I saw a familiar name on the front page of the St. Louis Post-Dispatch yesterday. A name that consumed a big part of my life for six years. I knew at the time this affair would end with me crying in my beer, thinking of all I had put into the relationship. But I knew at the time my love would be unrequited.
That name was Budweiser. The headline said, "Rebuilding Bud bandwagon." Actually the headline had put a positive spin on a rather devastating situation. A telling figure: 4 out of 10 people in their mid-20's have never even tried a Bud. Sorry to say, Budweiser is no longer the King of Beers. Barely a Prince. It fell from its throne some time ago. Actually overthrown by a mob of young drinkers who felt no connection with the brand. Done in by misdirection and myopia. Bud's share of market has declined from 26% in 1988 to just over 9% last year. That's a worse record than Bernie Madoff.
Okay, enough marketing data. I don't like it any more than you do.
Why do I care? I don't drink Bud anymore, don't own AB/InBev stock, my son isn't a beer distributor. I care because I was Creative Director on Bud for 6 years, back when D'Arcy Advertising was a big name in the business, not only in St. Louis but nationally. Today D'Arcy doesn't exist, except in distant echoes and dusty images conjured by aging Mad Men and Women who remember "back when we had fun." And we did.
As I read the article, I felt as though I had just run into an old girl friend. Once she was the stunning, vibrant object of my desire. Now before me stood a stooped, frail woman, chain smoking Camels, her face deeply lined, her arms and neck covered with a swirl of tattoos in an effort to appear young and hip. One of the tattoos said, "Whassup?" Whatever that meant.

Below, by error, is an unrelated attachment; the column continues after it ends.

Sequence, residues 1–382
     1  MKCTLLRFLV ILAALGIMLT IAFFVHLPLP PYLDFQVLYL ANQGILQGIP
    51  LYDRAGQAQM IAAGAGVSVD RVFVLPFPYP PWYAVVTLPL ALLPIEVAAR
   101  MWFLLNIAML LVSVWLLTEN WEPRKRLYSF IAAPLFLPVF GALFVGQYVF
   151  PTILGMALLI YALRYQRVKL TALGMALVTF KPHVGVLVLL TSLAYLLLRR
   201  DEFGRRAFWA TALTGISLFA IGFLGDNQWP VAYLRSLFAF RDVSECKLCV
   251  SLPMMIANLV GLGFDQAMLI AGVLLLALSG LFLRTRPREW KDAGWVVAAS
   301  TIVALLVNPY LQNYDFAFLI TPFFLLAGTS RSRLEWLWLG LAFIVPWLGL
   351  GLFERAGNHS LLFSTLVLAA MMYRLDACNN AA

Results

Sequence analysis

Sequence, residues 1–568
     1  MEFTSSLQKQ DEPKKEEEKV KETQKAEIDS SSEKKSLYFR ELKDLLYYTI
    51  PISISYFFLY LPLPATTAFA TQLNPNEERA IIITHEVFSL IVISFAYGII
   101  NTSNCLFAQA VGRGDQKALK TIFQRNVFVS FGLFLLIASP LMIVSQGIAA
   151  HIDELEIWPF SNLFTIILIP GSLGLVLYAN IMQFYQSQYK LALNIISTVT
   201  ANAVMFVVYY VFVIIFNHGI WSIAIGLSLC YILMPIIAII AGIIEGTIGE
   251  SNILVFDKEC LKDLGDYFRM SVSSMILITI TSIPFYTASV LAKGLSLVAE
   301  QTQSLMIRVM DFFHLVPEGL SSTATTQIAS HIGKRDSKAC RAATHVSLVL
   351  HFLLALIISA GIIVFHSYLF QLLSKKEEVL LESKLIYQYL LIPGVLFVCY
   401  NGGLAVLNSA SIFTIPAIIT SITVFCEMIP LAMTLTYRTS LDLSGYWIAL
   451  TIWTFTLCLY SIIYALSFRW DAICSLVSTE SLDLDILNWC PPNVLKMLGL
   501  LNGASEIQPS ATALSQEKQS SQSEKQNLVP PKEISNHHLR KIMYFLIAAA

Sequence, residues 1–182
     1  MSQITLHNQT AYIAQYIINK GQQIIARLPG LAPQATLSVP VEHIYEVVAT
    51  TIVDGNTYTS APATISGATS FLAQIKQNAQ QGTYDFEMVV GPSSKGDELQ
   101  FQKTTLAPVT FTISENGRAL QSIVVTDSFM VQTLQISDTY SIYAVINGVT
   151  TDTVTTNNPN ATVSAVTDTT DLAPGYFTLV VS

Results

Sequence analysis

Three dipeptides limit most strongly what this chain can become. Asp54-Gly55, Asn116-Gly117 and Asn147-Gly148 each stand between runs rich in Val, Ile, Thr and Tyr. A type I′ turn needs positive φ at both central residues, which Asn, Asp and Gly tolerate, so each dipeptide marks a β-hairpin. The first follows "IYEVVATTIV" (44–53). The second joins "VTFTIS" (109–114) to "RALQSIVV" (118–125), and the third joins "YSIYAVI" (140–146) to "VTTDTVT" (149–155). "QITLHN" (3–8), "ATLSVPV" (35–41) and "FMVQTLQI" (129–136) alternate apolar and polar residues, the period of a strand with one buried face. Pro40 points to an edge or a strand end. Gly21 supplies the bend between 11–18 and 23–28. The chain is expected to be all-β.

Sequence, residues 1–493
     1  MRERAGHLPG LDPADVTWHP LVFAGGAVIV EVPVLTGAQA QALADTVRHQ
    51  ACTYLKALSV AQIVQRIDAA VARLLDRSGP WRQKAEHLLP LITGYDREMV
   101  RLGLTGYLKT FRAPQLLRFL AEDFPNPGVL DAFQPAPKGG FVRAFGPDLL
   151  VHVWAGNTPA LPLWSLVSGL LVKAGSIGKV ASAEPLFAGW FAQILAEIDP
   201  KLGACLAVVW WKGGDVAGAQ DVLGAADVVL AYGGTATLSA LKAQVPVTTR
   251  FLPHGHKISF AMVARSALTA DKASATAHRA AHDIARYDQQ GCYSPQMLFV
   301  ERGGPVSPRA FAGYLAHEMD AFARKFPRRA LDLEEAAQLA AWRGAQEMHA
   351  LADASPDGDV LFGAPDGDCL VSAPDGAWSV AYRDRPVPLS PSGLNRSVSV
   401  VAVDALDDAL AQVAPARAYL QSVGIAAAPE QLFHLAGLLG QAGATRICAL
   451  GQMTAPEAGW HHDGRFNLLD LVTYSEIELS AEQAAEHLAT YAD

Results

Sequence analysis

"What happened to you?" I said.
"They did it to me,": she replied in a voice that still carried faint promise. "They sacrificed my honor, my soul, to the gods of easy fame and hearty guffaws."
"You poor thing," I said, still unwilling to touch her.
I worked on the Bud brand from 1982 through 1988. Good years. Advertising well thought out and beautifully crafted. Commercials that still move me. Then came The Frogs. I still tremble at the thought of them. Talking Frogs. Lizards named Louie. Even ants carrying a bottle of Bud. Ants!!! Yes, people talked how funny and clever they were. But, like termites, they bored from within.
And that was just the beginning. Throw the desecration of the Clydesdales in there while you're at it. Once they were a symbol of Bud's heritage. Unhitched, they became a circus act frolicking in the snow.
So now AB/InBev thinks it can resurrect Bud in the U.S., bring it back to its former glory, make it "relevant" again. Sure, and Burger Chef will sell hamburgers again and TWA will fly again and my next car will be a Pontiac.